SB will here mean Space Builder, and M will be a mental space. So, the new diagram will look like this:
This new diagram may look confusing, but it isn’t.
Max’s belief is the parent space in which the entire statement is made; it is therefore M’.
Len’s picture is a separate mental space – the image as opposed to Max’s belief – but it still falls within the space of Max’s belief. It is therefore M.
“Max believes” and “in Len’s picture” are just the phrases that create the spaces. They are therefore space builders, or SB M’ and SB M, respectively.
It is important to note that SB M will always create M within the parent space M’.
Q1] Let’s say that Max believes that he has inherited a castle and a park. A speaker says:
What does the pragmatic function diagram look like?
[Q2] Can you figure out the two most likely interpretations of the follow example and define the mental spaces?
2) In that movie, Clint Eastwood is a villian.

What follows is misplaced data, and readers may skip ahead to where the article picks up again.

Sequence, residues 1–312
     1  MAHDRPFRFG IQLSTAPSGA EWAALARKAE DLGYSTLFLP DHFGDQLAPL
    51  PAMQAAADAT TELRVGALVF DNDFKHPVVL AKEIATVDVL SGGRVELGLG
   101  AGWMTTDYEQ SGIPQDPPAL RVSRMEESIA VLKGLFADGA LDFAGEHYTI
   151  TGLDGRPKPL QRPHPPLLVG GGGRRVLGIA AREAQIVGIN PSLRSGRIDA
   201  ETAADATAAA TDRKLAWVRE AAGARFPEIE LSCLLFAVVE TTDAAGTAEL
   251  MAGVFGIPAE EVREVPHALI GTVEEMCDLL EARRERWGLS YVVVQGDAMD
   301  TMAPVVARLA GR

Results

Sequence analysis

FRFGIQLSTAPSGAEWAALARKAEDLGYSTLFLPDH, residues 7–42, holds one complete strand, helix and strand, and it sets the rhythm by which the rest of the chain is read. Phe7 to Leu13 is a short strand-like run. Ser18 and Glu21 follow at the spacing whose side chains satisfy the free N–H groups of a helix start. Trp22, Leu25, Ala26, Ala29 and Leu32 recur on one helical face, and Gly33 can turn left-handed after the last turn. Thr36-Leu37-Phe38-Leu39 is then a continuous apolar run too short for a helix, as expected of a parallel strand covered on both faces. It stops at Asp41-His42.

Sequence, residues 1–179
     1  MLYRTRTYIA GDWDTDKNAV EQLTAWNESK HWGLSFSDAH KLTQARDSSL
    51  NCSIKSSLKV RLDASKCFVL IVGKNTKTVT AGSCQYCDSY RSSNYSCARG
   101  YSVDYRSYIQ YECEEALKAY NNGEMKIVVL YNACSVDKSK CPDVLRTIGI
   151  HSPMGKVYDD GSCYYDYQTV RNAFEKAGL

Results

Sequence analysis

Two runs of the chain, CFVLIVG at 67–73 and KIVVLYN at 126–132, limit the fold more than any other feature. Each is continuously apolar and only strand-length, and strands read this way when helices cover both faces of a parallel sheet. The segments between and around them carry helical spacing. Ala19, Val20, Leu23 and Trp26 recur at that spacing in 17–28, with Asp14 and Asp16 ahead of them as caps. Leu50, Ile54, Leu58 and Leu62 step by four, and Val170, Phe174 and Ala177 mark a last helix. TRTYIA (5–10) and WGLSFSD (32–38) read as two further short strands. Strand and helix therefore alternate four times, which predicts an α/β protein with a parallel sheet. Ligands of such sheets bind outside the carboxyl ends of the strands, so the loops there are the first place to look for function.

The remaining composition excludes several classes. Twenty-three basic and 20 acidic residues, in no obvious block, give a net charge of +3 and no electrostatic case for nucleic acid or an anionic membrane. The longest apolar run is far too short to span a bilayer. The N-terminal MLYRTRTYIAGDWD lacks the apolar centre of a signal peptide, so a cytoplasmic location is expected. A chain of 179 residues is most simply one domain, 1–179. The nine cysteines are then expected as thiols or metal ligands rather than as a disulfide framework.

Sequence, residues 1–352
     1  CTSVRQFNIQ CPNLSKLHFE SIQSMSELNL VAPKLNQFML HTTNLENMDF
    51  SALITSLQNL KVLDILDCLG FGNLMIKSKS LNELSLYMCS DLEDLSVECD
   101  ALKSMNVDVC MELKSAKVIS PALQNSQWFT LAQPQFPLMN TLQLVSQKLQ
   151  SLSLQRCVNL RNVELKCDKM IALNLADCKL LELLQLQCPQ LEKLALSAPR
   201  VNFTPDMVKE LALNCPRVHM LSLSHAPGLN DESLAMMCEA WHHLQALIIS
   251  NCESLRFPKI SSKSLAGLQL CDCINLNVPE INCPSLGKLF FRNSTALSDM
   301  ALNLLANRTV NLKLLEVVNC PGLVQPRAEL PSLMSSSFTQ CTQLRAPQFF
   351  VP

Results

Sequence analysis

But he thinks he’s a hero.
Interpretation 1: The character in the movie is a villain but thinks he is a hero.
Interpretation 2: The character in the movie is a villain, but Clint Eastwood misunderstands the role and thinks the character is a hero.
The diagram to this interpretation is the same as the preceding diagram; however, a few things are understood differently.
This diagram begins relative to R – Reality. That is to say, the parent space is R, with M’ following within R and M following within M’. Also, the first ‘he’ in the second sentence points to Clint Eastwood, not the character in movie. The second ‘he’ still refers to the character in the movie.
[Q3] What is the third, less likely, interpretation of 2)?
Interpretation to 3: While Clint Eastwood may play a villain in that movie, in reality the real Clint Eastwood considers himself a hero.
Diagram (To the Best of my Ability):
The third interpretation also functions within a parent space of Reality. M’ falls within R, but R1 does not fall within M’. Therefore, R exists as a parent space with R1 and M’ within it.